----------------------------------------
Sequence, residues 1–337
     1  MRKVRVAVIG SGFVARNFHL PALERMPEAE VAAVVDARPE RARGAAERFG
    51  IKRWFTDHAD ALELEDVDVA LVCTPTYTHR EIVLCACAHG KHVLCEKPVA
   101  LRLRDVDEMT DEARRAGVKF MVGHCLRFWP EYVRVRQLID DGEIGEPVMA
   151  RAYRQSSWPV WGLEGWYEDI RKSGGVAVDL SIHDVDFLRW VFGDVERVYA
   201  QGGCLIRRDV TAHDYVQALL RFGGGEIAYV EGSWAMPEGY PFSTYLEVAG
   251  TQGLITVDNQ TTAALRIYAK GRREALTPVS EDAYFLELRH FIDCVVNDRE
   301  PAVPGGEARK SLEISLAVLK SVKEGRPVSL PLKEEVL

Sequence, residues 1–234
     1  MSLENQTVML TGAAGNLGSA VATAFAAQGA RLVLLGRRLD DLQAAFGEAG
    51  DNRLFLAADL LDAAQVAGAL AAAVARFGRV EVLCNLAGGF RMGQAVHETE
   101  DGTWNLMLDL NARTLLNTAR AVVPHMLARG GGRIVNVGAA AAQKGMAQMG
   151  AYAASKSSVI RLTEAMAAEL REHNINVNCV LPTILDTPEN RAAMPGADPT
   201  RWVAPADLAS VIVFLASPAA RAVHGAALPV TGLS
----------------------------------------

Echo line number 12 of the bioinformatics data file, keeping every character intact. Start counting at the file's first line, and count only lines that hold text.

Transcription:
   101  DGTWNLMLDL NARTLLNTAR AVVPHMLARG GGRIVNVGAA AAQKGMAQMG